- Isn’t a knockout mutation more “sure” to establish the function of a particular gene? [back]
No; it is less sure to do so. Knockouts may produce effects on neighboring genes, and there is no guarantee that when a knockout is produced, it is the sole mutation in the mouse that results. Other mutations may accumulate in ES cell lines, and these may sometimes cause phenotypic effects independent of the knockout. Yet it is rare that an investigator actually maps a phenotype to the knockout locus to assure that cause and effect are being witnessed. And as already mentioned, some knockout mutations are simply lethal at an early embryonic stage and give little insight into the function of the gene during development or subsequently.
- How much screening must be done to find a phenotype? [back]
This depends upon the phenomenon under analysis, and how many genes are required for it to operate. The “genomic footprint” of a phenotype may be very large (millions of nucleotides) or very small (a few hundred nucleotides). In our laboratory, we study innate immunity, which depends upon thousands of genes. Hence, aberrant phenotypes are encountered very frequently. In addition, we encounter visible phenotypes (altered coat color, coat quality, morphology, metabolism, or behavior, for example) with some regularity.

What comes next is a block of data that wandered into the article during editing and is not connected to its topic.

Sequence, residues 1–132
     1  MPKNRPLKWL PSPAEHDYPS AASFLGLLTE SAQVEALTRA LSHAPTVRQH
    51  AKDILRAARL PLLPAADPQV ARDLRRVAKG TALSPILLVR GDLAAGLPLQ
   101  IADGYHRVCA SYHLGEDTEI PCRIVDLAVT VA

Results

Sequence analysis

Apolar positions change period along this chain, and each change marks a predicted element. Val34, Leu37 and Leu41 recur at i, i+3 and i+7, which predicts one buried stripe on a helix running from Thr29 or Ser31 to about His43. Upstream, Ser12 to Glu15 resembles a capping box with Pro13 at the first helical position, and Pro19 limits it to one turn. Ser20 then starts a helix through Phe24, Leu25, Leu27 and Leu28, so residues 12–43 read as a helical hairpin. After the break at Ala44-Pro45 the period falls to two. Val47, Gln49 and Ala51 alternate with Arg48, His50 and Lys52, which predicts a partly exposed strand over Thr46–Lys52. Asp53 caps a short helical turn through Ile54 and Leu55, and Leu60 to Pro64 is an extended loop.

All phenotypes tend to saturate at the same rate. Whether 10 genes or 1,000 genes are targets, 10%, 20%, and 30% saturation will be reached through screening of about the same number of mice. As a rule of thumb, about 10,000 G3 mice must be examined in order to identify 10% of the target genes. This assumes that G1 animals are bred to assure capture of about half of their mutations in homozygous form.
- Why is genetic work important to human beings? [back]
Genetics has been the single most successful branch of biology. All other disciplines in the life sciences depend upon it. While physicists and chemists explore questions of vast complexity, they do not have a tool that can quite be compared to genetics. The ocean may be complex. A star may be complex. A mountain may be complex. But unlike a human or a mouse, none of these inanimate objects provides a blueprint that tells how it is made. The genome of every living organism does just that.
In a practical sense, we know that genetics is important because humans suffer from genetic diseases: “simple” diseases like cystic fibrosis, sickle cell anemia, Tay Sach’s disease, and more “complex” diseases like juvenile diabetes. Cancer is ultimately a genetic disease. And paradoxically, so are some diseases that most would call infectious. Genetics is also important because it ultimately has the power to tell why we are just who and what we are. It tells us our place in the tree of life. What, after all, separates us from chimpanzees, and even from mice, but a definable set of mutations? Genetics even has the power to predict the future, to a moderate level of certainty. Who will live and who will die during the next decade? Genetics can begin to tell us.
But for those who are merely intellectually curious, genetics is important as well. It holds the power to tell us exactly how a living organism, be it a mouse or a worm or a tree or a human, actually fits together and works as the complex machine that it is.